How to reopen a Rainbow unit

How Marie brought Rainbows back to her area

31 May 2022

It’s always sad when a unit has to close but it’s exciting when it gets to reopen.

1st Thornton Heath Rainbows closed before the pandemic as the leader moved away and no volunteers stepped forward to run the unit.

Marie, a Brownie leader and now the Rainbow leader of 1st Thornton Heath, explained that ‘the number of Brownies and Guides were falling in the area, partly because of the pandemic but also there were no Rainbow units feeding into the Brownies’. 

Marie spoke to her commissioner and explained her concerns. She also offered to reopen the unit and her commissioner arranged for the unit to be reopened on GO (the membership database), so that new enquiries could find the unit. Marie attended the ‘Ask a leader’ webinar so she could find out more about taking in 4-year-old Rainbows as a way to grow the unit. She picked up all sorts of tips on how to include 4-year-olds, especially on how to adapt the programme.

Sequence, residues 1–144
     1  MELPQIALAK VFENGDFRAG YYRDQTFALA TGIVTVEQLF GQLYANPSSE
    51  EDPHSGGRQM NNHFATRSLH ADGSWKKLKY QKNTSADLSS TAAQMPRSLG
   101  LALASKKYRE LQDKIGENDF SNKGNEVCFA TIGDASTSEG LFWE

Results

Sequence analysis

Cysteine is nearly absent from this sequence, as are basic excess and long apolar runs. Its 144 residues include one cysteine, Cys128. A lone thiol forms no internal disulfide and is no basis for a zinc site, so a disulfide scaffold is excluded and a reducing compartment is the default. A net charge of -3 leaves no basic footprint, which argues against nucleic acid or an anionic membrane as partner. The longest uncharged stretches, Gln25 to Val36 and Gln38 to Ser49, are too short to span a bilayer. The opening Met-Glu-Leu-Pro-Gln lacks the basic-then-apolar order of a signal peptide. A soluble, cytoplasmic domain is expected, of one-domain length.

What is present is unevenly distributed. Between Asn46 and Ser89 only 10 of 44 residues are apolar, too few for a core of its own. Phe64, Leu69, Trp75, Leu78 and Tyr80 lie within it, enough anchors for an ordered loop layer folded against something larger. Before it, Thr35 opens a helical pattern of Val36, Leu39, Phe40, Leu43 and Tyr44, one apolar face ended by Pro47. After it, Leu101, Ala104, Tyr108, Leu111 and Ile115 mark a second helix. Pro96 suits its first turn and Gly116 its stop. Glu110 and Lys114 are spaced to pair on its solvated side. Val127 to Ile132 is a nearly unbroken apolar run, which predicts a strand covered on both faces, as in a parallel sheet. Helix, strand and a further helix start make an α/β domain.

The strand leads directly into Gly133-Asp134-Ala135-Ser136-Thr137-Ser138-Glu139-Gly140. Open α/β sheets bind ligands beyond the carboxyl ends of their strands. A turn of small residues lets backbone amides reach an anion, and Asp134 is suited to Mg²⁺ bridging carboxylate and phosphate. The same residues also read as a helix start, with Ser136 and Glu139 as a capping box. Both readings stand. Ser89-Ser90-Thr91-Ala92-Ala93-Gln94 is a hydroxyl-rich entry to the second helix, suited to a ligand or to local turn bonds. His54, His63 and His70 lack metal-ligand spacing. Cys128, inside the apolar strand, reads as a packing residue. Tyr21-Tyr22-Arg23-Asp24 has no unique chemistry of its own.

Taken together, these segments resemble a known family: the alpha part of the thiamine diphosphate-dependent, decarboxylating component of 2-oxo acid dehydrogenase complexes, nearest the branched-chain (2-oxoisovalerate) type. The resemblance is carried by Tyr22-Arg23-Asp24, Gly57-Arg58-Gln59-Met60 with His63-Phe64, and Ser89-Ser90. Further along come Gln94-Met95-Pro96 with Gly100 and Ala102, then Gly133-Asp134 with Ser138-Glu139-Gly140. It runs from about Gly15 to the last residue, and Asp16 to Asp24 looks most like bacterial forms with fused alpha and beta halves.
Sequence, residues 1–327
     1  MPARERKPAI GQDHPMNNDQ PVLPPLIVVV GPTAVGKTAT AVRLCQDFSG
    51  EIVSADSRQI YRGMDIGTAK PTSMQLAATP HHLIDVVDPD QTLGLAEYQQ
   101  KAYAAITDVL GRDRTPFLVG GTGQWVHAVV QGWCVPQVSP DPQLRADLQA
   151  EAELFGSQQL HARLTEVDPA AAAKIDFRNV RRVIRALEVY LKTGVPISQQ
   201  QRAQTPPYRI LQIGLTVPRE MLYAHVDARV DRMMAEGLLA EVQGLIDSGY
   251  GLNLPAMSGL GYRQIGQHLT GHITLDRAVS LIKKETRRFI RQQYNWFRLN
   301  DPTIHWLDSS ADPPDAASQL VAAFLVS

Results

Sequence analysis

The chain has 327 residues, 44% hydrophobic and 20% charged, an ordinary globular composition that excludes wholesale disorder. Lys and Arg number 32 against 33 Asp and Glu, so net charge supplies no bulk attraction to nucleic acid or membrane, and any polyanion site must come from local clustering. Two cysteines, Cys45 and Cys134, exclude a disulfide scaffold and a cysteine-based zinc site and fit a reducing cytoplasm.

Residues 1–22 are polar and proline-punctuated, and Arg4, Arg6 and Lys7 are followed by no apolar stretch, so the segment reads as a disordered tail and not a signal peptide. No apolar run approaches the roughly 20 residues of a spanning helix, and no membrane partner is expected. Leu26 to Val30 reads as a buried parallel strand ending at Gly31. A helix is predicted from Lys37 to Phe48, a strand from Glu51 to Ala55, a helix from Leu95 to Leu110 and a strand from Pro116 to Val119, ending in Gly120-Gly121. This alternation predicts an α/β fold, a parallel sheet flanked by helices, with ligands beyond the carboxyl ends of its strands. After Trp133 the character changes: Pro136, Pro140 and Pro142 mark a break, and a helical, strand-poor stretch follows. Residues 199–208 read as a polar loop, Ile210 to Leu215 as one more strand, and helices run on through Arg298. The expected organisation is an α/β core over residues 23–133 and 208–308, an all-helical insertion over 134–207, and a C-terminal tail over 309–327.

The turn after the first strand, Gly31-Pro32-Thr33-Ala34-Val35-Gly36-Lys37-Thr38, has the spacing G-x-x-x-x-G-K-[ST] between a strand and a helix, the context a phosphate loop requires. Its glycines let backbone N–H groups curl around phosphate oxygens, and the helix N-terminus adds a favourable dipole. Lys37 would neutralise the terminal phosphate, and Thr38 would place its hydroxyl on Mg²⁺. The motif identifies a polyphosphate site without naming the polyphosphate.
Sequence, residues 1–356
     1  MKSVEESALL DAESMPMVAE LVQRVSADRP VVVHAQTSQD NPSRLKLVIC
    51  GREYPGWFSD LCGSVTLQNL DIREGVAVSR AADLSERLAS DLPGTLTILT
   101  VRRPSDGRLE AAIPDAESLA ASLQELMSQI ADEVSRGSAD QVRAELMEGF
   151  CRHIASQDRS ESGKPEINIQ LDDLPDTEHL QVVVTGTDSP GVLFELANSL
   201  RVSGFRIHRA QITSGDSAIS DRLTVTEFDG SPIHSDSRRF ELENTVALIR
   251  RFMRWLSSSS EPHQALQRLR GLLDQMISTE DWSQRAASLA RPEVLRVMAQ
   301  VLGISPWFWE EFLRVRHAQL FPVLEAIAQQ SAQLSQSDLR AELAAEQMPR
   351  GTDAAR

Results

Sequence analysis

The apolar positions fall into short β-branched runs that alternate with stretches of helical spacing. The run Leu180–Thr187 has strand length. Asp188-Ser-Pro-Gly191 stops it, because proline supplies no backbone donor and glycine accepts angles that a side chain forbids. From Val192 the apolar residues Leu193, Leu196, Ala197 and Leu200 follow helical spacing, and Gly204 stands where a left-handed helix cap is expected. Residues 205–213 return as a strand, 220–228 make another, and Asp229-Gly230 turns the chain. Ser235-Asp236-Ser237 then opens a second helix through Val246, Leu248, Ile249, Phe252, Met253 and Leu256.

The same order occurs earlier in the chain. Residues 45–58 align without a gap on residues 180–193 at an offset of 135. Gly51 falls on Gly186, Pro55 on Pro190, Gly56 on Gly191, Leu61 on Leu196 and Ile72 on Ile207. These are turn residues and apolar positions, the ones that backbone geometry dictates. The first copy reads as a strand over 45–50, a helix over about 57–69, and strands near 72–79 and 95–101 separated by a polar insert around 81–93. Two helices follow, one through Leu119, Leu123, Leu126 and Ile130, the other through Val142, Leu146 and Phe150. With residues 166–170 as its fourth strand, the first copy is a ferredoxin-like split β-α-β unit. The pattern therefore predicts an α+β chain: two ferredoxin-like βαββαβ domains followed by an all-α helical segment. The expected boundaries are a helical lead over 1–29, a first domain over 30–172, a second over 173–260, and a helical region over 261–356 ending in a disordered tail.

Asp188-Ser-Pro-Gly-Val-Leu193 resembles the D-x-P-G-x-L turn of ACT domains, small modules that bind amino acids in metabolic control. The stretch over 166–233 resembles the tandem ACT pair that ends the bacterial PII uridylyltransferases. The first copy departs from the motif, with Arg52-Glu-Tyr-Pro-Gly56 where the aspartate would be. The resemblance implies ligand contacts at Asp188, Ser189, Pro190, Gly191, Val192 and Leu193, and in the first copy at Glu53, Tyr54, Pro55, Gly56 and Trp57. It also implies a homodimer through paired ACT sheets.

Recruiting the leadership team

Finding volunteers to open a unit can be challenging. Marie overcame this by speaking to others in the division. Some volunteers stepped forward to help on an ad-hoc basis, but it meant that the unit always has a leader with A Safe Space and 1st Response. There is also a new to guiding unit helper and a young DofE volunteer who is thinking about becoming a young leader. The unit reopened in September 2021 and currently have seven Rainbows with two joining soon.

Taking in 4-year-olds

After attending the ‘Ask a leader’ event, Marie and her new leadership team decided that they would start to take in 4-year-olds to increase their unit numbers. They now have one 4-year-old, who started school at the same time.

Her advice on settling in a 4-year-old is to ‘take it slowly and make sure she has a buddy specially to help her with the games they play. The older Rainbows seem to enjoy helping her. She is settling in well, although sometimes it takes a little time each week before she’s confident with joining in everything.’

Marie also found that some of the older girls need more help with the activities than the 4-year-old so it’s important to treat each girl individually. She finds having a quiet activity available for the shy Rainbows to do, whilst they ‘watch’ the more confident girls carrying out noisier activities, makes them want to join in with all the fun.